Capitol Hill Update: March 5, 2018


The House and Senate are in session this week.


There are a lot of bills on the suspension calendar on Monday and Tuesday. The seven suspensions on Monday are for the naming of post office buildings. Bills on the suspension calendar for Tuesday include the Portfolio Lending and Mortgage Access Act, H.R. 2226; RAY BAUM’S Act, H.R. 4986; and the Whistleblower Protection Extension Act, H.R. 4043.

On Wednesday, the House will take up the Blocking Regulatory Interference from Closing Kilns (BRICK) Act, H.R. 1917. The bill combats a 2015 EPA rule that will impose as much as $100 million in compliance costs. The BRICK Act simply extends the rule’s compliance dates. On Thursday, the chamber will consider the Satisfying Energy Needs and Saving the Environment (SENSE) Act, H.R. 1119. The bill would allow power plants that burn coal refuse to be held to different emissions standards than the Mercury and Air Toxics Standards (MATS). No votes are expected on Friday. 

The House is expected to move first on an omnibus spending bill, taking it up the week of March 12. The Senate will take up the bill the following week. The current continuing resolution, which was part of the Bipartisan Budget Act, runs through March 23. 

What riders will be attached to the omnibus aren’t clear, but there are plenty of rumors floating around. A bailout for health insurance companies pushed by Senate HELP Committee Chairman Lamar Alexander (R-Tenn.) and Sen. Patty Murray (D-Wash.) is possible. The Internet sales tax, likely along the lines of the Remote Transactions Parity Act, H.R. 2193, has also been a rumored addition. Several conservative groups, including FreedomWorks, signed a recent letter in opposition to Remote Transactions Parity Act. 

The full committee schedule for the week can be found here.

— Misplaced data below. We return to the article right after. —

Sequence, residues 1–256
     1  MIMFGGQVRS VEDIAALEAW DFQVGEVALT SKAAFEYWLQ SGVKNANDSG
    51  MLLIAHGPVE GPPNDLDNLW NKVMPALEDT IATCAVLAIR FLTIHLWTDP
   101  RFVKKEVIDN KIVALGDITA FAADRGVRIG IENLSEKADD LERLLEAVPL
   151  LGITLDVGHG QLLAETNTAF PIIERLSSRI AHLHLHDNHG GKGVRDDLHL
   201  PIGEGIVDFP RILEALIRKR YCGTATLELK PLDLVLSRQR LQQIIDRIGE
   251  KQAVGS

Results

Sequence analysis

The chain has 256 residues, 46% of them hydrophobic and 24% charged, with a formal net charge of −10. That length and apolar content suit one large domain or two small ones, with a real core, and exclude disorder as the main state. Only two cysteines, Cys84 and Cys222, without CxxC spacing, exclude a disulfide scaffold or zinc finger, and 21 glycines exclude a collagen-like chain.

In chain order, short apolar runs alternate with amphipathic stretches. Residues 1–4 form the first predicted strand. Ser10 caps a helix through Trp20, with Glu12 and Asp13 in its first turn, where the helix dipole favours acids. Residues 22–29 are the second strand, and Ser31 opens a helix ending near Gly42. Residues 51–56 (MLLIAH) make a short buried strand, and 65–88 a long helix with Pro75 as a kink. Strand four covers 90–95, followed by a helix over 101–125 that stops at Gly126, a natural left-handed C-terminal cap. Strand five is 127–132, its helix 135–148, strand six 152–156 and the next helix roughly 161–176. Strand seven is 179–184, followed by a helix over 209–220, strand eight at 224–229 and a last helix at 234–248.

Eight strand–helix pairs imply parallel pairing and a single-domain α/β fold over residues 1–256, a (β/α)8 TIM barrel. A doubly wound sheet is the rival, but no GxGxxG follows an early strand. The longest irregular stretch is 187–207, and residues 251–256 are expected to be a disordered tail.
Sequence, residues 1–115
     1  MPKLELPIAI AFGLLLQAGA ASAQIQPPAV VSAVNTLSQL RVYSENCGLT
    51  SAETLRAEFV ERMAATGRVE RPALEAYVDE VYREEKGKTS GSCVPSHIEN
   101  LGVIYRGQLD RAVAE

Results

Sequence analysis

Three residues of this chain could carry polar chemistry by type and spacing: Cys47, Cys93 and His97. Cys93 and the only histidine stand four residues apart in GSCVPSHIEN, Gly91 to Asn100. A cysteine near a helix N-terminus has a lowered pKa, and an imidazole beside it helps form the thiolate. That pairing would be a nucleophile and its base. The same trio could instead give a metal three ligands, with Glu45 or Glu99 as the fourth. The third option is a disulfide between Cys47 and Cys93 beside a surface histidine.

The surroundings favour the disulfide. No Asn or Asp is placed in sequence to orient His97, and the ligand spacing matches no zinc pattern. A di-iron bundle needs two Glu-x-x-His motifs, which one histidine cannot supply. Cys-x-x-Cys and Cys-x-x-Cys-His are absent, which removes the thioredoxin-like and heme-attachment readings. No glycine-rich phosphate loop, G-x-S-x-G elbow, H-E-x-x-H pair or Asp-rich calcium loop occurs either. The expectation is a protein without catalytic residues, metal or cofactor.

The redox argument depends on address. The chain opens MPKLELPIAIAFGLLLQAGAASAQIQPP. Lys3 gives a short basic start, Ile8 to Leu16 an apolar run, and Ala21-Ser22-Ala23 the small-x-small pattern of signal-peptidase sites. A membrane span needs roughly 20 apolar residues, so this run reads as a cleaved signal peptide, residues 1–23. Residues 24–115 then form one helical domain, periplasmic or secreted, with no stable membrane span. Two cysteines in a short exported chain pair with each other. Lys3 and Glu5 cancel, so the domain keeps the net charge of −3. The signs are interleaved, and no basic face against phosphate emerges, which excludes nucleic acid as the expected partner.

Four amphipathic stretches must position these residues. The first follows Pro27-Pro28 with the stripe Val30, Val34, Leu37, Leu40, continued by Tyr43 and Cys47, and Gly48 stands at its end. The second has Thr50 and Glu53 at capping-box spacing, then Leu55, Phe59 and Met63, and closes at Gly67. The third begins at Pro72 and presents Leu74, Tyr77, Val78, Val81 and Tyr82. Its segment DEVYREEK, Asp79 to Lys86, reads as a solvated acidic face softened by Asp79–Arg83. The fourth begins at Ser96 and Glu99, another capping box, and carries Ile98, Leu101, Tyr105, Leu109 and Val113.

The Senate will convene at 3:00 pm on Monday to consider the nomination of Karen Gren Scholer to serve as a judge for the Northern District of Texas. The chamber will likely proceed to a vote around 5:30 pm. 

The Senate is likely to proceed to the Economic Growth, Regulatory Relief, and Consumer Protection Act, S. 2155. The bill, sponsored by Senate Banking, Housing and Urban Affairs Committee Chairman Mike Crapo (R-Idaho), would reform the Dodd-Frank Wall Street Reform and Consumer Protection Act of 2010. The Congressional Research Service has a good explanation of what each title of the bill would do. The section-by-section is available here.

Although the bill has bipartisan support, cosponsored by the likes of Sens. Chris Coons (D-Del.) and Tim Kaine (D-Va.), former Rep. Barney Frank (D-Mass.) opposes it. The Center for American Progress has called the bill "a massive corporate giveaway."

The House has already passed the Financial CHOICE Act, H.R. 10, which would have repealed and replaced parts of Dodd-Frank. The Heritage Foundation notes, however, that there "is sufficient overlap between the policies in the Senate and House bills that Congress can enact important financial regulatory reforms." FreedomWorks supported the Financial CHOICE Act, including the vote on our scorecard for 2017. 

The full committee schedule for the week can be found here.